I am often gob-smacked by just how bright Willis Eschenbach is, but THIS observation was astonishing. Could breathing OUT more combat the breathlessness you get by strenuous walking uphill. I tried this out on my recent hunting trip, and it’s TRUE. I was able to walk in one go to the top of hills I normally have to pause several times to ascend and arrive completely NOT out of breath. Try it yourself: http://wattsupwiththat.com/2013/09/23/catching-my-breath/
The ‘Road’ to Lobuche.
‘He said “You’re not breathing out enough.”
He explained that particularly when we’re swimming, but also with any exercise, people usually end up panting, taking very rapid, shallow breaths. We focus on breathing in, on forcing more air into our lungs. He said that the way to break that habit was simple—when you start running short of air, don’t mess with the in-breath, just breathe out for one count longer.
He pointed out that when we swim or run, we usually fall into a pattern. With me, when I swam I breathed out and then took an in-breath with every alternate stroke of my arms. He said when I ran short of air, there was no need to mess with the in-breath—what I had to do was just add one more beat to the out-breath. So for example, if I was running, I was in the habit of breathing in for two steps and out for two steps. When I started running out of breath, I needed to lengthen my out-breath to three steps … and then if that wasn’t enough, lengthen the out-breath to four steps, and so on.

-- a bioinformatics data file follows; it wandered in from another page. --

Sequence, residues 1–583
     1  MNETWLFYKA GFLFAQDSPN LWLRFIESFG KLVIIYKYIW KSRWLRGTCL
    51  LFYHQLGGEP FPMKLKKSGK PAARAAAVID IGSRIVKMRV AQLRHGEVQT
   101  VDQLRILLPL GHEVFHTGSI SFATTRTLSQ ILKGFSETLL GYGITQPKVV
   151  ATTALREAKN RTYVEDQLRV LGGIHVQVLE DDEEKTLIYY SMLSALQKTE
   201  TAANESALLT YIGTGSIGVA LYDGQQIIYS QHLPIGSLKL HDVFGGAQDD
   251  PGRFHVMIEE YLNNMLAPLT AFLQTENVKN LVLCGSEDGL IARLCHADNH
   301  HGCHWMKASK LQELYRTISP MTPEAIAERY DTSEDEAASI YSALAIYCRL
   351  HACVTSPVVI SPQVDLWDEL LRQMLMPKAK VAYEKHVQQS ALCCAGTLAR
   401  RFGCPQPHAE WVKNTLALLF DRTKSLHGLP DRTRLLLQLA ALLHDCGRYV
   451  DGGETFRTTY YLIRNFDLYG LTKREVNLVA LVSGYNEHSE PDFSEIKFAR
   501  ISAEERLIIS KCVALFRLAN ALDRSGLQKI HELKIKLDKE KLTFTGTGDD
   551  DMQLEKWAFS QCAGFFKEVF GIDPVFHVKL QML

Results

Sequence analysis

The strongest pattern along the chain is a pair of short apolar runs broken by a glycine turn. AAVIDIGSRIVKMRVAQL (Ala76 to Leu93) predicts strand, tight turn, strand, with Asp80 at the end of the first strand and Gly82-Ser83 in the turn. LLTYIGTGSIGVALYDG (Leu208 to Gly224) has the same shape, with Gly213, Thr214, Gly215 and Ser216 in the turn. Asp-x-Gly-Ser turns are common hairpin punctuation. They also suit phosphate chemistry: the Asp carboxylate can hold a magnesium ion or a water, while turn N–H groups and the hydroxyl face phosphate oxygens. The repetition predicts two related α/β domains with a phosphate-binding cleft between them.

And that was it. There’s no need to make any alteration to the in-breath, we’re all really good at that part. Filling up the lungs isn’t the problem, it’s emptying the lungs.’
Another useful breathing technique: http://www.theultralighthiker.com/breathing-trick-that-puts-you-to-sleep-in-seconds/
First Published on: Sep 29, 2013